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At the center of her research are questions related to our response to music: How is music processed in our brain? Which cognitive processes are involved? And what is the relationship between these processes and music theory? For example, according to music theory and compositional rules, relationships between successive chords are based on acoustic similarity ("low level") and harmonic relatedness ("high level"). Granot & Hai (2009) showed that even listeners with no musical training have an exquisite sensitivity to both types of relationships. In this specific case, behavioral measures (RT) did not expose this sensitivity but brain measures (Event Related Brain potentials) clearly did. In contrast, in several other studies Granot and her colleagues (Eitan & Granot, 2008; Granot and Jacoby, 2011, 2012) showed that the association between music theory and cognition is weaker for larger scale contexts. Concepts such as coherence, thematic unity and tonal unity do not necessarily reflect cognitive percepts, even in listeners with musical training. Such disparities between music theory and music cognition may be informative of our cognitive system on the one hand, and the nature of music as an art form on the other.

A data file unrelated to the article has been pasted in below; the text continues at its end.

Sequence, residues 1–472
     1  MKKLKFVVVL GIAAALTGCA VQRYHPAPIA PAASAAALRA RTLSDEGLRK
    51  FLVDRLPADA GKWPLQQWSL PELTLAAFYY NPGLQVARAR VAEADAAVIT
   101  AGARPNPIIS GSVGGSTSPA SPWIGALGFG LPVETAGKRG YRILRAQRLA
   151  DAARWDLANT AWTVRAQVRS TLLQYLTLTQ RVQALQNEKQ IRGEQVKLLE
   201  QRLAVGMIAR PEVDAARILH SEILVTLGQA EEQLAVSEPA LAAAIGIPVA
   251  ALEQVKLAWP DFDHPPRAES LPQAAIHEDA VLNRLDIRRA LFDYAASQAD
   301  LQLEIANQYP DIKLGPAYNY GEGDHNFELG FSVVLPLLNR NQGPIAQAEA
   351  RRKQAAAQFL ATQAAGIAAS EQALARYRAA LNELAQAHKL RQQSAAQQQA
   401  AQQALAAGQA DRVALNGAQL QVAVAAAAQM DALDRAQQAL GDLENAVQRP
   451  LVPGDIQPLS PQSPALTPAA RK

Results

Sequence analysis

Other research interests of Dr. Granot include
In 2009-2012 Granot served as chair of the Musicology Dept., at the Hebrew University. In 2012 the Dept., received the Rectro's prize for "Outstanding Department". She Chairs the Clarica and Fred Davidson Senior Lectureship in Musicology.
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